It’s a semantic argument only. In the example he gave where there are 40 Democrats and 30 Republicans sampled, the conventional wisdom now — the way of reporting that — is a Democrat-plus-10 sample, and in raw numbers, it is. His point was that it’s much greater than 10 in reality, that it is a 33% increase in the number of Democrats sampled, not 10.

That doesn’t change the outcome. It’s simply his way of driving home how out of proportion the oversampled Democrat polls are. Nothing more than that. You have 40 Democrats and 30 Republicans, and it’s reported as a Democrat plus 10. It is in raw numbers. But in terms of the percentage, that polling unit actually talked to 33% more Democrats than Republicans, which would help to illustrate just how out of kilter such a poll is with such a sample.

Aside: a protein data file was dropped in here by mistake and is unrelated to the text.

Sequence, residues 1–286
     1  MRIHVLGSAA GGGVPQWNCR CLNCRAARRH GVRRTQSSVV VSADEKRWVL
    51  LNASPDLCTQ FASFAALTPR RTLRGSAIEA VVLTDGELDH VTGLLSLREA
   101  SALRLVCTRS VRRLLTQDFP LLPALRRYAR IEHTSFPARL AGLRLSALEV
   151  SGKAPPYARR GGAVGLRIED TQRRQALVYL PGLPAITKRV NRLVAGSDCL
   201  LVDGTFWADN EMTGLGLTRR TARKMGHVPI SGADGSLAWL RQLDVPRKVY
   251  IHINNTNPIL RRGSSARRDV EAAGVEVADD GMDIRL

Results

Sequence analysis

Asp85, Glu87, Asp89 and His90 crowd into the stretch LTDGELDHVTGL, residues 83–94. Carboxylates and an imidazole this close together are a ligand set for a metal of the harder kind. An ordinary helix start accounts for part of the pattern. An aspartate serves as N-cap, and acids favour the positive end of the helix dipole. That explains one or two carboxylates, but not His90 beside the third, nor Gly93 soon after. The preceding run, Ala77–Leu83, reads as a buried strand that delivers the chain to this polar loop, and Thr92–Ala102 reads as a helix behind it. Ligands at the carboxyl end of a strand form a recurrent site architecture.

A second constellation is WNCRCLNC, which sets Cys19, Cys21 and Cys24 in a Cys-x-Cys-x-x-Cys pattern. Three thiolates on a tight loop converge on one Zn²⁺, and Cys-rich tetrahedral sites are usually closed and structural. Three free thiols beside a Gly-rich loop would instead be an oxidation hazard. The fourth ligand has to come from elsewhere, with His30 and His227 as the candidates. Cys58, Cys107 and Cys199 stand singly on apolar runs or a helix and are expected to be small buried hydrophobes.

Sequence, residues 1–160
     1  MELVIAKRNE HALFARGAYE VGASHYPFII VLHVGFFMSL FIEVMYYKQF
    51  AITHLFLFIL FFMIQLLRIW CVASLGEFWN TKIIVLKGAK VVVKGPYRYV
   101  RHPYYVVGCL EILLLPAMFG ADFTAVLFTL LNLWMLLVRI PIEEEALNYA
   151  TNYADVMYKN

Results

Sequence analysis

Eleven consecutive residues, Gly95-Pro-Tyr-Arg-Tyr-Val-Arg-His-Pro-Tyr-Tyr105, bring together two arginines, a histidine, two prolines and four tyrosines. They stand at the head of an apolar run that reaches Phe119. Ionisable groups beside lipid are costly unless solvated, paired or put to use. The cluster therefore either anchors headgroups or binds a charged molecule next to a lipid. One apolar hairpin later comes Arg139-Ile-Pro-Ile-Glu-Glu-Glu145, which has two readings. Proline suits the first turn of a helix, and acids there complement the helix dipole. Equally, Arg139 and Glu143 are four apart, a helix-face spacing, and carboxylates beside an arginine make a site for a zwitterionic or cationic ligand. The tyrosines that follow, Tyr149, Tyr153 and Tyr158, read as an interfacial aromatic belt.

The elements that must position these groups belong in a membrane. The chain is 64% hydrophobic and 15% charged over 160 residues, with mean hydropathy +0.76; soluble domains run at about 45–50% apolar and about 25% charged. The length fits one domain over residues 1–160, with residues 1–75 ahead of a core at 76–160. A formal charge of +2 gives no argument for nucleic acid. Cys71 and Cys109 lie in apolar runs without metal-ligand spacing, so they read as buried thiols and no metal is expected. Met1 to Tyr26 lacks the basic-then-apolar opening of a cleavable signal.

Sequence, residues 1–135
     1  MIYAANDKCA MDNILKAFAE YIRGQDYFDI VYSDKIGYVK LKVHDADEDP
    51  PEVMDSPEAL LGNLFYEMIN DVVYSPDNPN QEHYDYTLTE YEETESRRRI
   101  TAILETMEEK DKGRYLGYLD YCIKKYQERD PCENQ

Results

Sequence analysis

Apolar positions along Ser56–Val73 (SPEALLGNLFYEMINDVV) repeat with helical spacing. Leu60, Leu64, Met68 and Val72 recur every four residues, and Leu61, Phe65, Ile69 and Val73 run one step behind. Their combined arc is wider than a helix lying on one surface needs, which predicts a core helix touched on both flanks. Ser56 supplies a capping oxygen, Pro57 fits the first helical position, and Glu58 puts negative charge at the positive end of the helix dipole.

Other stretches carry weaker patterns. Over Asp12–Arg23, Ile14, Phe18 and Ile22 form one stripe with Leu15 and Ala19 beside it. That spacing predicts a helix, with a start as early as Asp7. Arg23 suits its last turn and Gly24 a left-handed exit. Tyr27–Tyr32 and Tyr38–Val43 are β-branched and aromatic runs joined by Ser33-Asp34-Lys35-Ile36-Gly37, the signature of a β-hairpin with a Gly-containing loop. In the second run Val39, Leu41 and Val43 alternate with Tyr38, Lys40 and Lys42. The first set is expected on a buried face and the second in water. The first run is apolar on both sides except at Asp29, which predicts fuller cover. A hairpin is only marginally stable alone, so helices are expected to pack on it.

When you won’t find a sample like that in election returns. You will not find Democrats plus 10, say in 2010, in terms of people showed up. Turnout, if you will. So it’s just a semantic thing. It doesn’t change the outcome of the poll as reported. It’s just a more accurate way of looking at the out-of-balance situation among those polled.

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